Research has identified several factors that increase the likelihood of experiencing nocebo effects. These include the suggestion side effects may be experienced due to a medication or procedure, individual perceptions that a medication dose is higher than usual, an increased expectation of experiencing side effects, and conditioning – whereby previous experience with treatment leads to learned associations.
Another significant predictive factor for the nocebo effect is social modelling – seeing another person experience or report side effects.
“Social modelling is a really good way to increase the nocebo effect,” says Faasse. “It quite meaningfully increases nocebo effects – particularly in women.”
The cost of expectation
The nocebo effect is an important aspect of patient care because it has the power to influence treatment outcomes, and while many are unaware that the nocebo effect even exists, this does not mean protection from its reach. “Most people don’t realise that there are psychological influences on side effects,” says Faasse.
“I think the biggest misunderstanding is the assumption or belief that anything that happens after you take a pill or new treatment is caused by that pill or treatment, which from my perspective is highly unlikely to be the case.”
But Faasse emphasises that the experience of nocebo effects does not mean that side effects are ‘in your head’.
“These things are really happening,” says Faasse, “our brains are incredibly good at creating these symptomatic experiences and making us feel unwell.”
The nocebo effect also carries with it potentially negative health-related outcomes. The experience of nocebo effects, for example, may result in the discontinuation of necessary medical treatment. And for patients who continue with treatment despite nocebo effects, these side effects may cause significant discomfort. “It doesn’t matter whether it’s a nocebo effect or if it’s an actual treatment effect,” says Faasse, “it’s still unpleasant and distressing.”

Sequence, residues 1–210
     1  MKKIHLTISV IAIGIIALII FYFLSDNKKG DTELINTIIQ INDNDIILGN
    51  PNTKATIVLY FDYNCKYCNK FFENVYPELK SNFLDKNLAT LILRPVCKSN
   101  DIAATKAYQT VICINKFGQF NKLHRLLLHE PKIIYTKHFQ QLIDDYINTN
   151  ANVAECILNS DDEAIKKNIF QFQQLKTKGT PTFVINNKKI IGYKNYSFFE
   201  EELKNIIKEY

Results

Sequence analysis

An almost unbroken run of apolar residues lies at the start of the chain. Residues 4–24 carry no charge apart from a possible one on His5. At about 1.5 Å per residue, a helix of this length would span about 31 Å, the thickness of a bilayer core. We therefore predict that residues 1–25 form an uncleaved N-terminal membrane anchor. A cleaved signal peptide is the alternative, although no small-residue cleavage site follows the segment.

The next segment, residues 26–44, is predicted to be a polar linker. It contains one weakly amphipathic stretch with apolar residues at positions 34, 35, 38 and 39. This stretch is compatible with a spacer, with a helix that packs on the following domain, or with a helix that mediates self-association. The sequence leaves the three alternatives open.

A potential increase in the cost of treatment is another consideration when it comes to the nocebo effect.
Indeed, research has shown patients often assume generic medications carry more side effects than brand-name equivalents. And as generic labelling — opposed to brand-name labelling — is associated with increased nocebo effects, patients may choose to pay for more costly brand-name medications when generic versions are identical.
Reducing nocebo effects
When it comes to the nocebo effect, consent is a double-edged sword.
While physicians are legally obliged to inform patients about the potential side effects of treatment, this can also increase the likelihood that side effects will be experienced. So, how do we reduce nocebo effects?
“We need to tell people about possible side effects,” says Faasse, “but we can do that in a different way … framing side effect information with a focus on the positive can significantly reduce the nocebo effect.”
Indeed, a review by Faasse and colleagues found that of the relatively few empirical studies that have examined the effect of positive framing on nocebo effects, five out of six demonstrated a significant reduction in at least one aspect of side effects when positive framing was used.
Offering choice regarding medical treatment is another possible way to reduce the nocebo effect. “When we offer people a limited choice we can actually knock out the nocebo effect or substantially reduce it.”
In a study published in Annals of Behavioral Medicine, Faasse and colleagues found that placebo treated participants who were offered a choice between two ‘medical treatments’, reported significantly less side-effects than when compared to those participants who were assigned treatment without choice. So, if two choices are good, then more must be better? Unfortunately, no.
“When we gave people a choice of 10 different medications,” says Faasse, “we brought those nocebo effects right back. So, we need to find the sweet spot in terms of giving people some control in their healthcare . . . but those are future studies.”
Originally published by Cosmos as The nocebo effect: How your brain might be working against you
Deborah Johanson is a freelance medical and science writer from Auckland, New Zealand. She holds a PhD and Masters degree in Health Psychology, a Bachelors degree in Health Science, and has a clinical background as a Registered Nurse. While most of her research has involved healthcare robots, Deborah now writes about health, medicine, technology, and science.